Saturday, June 03, 2006
People with same sex attraction or homosexual tendencies, even those who consider themselves gay are indeed welcome in the Roman Catholic Church. The Church proclaims Christ's message in the Gospel to all persons; "The kingdom of Heaven is at hand. Repent! And believe in the Gospel!" The Church calls all to repentance and reconciliation. People with homosexual orientation are called to repentance as are all members of the Church. Communion is given to all of those who have converted and returned to Christ through the Sacrament of Penance. Christ calls us to deny our very selves, take up our cross and follow Him. He calls us to change, to reform our lives - we may not and can not demand that He change or that the Church change or that Church teaching should change. Truth is immutable.
For those who are unfamiliar with the "Sashers" - presented here is their statement on their 'core values' taken from the Dignity website: [http://www.dignitytwincities.org/}
Mission statement of the Rainbow Sash movement:
"Our Core Statement -
1)In wearing the Rainbow Sash we proclaim that we are lesbian, gay, bisexual, and transgender people who embrace and celebrate our sexuality as a sacred gift.
2)In wearing the Rainbow Sash we call the Roman Catholic Church:
to honor our wisdom and experience;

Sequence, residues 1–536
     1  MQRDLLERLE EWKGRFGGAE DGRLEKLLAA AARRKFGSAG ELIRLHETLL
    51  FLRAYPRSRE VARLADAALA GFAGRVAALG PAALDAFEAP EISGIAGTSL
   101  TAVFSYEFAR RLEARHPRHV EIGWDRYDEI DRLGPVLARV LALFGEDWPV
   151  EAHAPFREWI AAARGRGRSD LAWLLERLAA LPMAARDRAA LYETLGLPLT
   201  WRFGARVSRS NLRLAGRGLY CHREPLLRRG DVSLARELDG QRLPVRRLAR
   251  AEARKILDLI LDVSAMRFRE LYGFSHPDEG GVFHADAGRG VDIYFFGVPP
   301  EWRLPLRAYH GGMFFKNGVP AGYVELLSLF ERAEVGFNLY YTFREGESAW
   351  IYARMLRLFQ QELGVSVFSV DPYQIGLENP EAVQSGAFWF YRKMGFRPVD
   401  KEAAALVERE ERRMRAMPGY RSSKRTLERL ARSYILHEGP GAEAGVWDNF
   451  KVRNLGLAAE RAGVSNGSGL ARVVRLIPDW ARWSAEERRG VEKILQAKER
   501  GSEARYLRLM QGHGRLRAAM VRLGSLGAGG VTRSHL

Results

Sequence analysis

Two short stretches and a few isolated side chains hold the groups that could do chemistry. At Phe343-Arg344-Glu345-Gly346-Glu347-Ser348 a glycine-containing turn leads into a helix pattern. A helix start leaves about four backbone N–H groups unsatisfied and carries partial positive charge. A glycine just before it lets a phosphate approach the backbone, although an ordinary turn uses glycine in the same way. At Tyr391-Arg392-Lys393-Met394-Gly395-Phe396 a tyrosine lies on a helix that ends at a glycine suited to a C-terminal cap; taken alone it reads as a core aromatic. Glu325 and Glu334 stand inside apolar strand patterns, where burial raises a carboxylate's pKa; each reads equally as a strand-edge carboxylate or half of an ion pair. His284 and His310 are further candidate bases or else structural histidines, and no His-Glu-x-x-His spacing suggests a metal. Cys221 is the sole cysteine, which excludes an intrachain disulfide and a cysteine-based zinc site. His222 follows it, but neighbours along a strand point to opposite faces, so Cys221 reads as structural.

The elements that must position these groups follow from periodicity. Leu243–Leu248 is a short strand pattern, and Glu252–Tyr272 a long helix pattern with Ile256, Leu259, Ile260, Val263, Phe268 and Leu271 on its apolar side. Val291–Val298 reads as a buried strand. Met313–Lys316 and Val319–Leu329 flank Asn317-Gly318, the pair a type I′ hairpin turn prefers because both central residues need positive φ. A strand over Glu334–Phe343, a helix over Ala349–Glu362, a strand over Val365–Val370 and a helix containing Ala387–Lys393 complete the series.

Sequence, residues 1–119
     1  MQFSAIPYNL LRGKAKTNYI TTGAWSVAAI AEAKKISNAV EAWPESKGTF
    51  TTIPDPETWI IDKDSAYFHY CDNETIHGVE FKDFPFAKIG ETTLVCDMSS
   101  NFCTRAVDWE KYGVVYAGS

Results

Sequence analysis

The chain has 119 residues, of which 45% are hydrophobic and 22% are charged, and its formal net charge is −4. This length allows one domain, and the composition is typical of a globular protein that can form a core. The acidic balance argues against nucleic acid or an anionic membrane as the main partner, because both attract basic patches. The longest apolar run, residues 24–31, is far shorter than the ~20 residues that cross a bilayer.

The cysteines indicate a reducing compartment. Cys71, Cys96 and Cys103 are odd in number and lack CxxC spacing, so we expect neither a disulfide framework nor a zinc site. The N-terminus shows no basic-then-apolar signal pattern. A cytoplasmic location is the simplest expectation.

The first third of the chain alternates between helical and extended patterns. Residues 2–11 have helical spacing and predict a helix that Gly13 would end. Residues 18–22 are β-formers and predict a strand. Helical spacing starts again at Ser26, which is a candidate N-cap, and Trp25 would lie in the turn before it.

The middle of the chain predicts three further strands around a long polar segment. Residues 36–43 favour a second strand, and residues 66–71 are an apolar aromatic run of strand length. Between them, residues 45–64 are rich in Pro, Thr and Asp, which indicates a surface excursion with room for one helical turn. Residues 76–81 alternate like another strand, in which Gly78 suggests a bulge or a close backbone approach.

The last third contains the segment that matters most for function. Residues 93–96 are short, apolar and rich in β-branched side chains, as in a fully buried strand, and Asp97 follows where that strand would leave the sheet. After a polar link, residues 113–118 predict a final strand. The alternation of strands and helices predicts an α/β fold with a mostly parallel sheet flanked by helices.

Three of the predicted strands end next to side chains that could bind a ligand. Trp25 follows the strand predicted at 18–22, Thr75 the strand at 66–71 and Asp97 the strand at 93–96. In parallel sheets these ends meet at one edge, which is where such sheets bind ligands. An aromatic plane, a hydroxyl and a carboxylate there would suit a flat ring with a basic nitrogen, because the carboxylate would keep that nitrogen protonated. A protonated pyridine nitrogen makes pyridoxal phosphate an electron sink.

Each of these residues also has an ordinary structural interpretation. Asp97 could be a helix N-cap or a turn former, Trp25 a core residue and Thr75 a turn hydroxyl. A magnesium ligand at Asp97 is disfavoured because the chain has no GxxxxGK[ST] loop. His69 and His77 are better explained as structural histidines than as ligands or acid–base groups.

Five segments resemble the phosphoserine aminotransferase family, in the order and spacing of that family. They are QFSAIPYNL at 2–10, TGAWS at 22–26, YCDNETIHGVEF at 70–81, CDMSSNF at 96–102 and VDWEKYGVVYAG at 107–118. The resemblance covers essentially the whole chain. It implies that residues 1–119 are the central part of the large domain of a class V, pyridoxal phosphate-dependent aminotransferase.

to enter into public dialogue with us;
to work with us for justice and understanding.
Together, let us seek a new appreciation of human sexuality in all of its diversity and beauty.
Our Core Action
The movement's core action, or ritual expression, involves the symbol of the Rainbow Sash. The sash is a strip of rainbow colored fabric which we wear over our left shoulders when we attend the celebration of the Eucharist. Carrying this symbol, we publicly claim our place at Christ's table, sacramentally expressing the truth of our lives, and calling the Church to embrace a new day of integrity and freedom.
The movement began on Pentecost Sunday, 1998, at St. Patrick's Cathedral in Melbourne, Australia, when a group of seventy people attended Mass wearing the Rainbow Sash. Hence, Pentecost Sunday each year is the primary day when members of the movement don the Rainbow Sash and present themselves in their local cathedrals to celebrate the Eucharist with their fellow Catholics. Their presence at the cathedral is preceded by a letter to the local bishop explaining what the sash means, and informing the bishop of when and where they will be present."
It should be noted that it is not God's gift to a person to either be gay, lesbian, bi-sexual, or trans-gender. The mystics have certainly seen suffering as a grace or gift from God in so far as it contributes to the sanctification of the person. Therefore the mortification inherent in suffering from an "objective disorder" could indeed be redemptive in proportion to the person's efforts to overcome these tendencies by grace, personal effort, and with the help of prayer and the sacramental life of the Church. In this respect one may consider it a "gift" on the pre-condition that the person has repented of any sin committed in acting out sexually. If one reflects upon the verse from the Easter "Exultet!"; "O happy fault, O necessary sin of Adam, that gained for us a Savior!" Then one may understand that God draws good, even from sin as it were - after our repentance.
Friday, June 02, 2006
Letter from the Rainbow Sash Organization
( In case some have never read it.)
May 16, 2006
Excellences and Eminencies: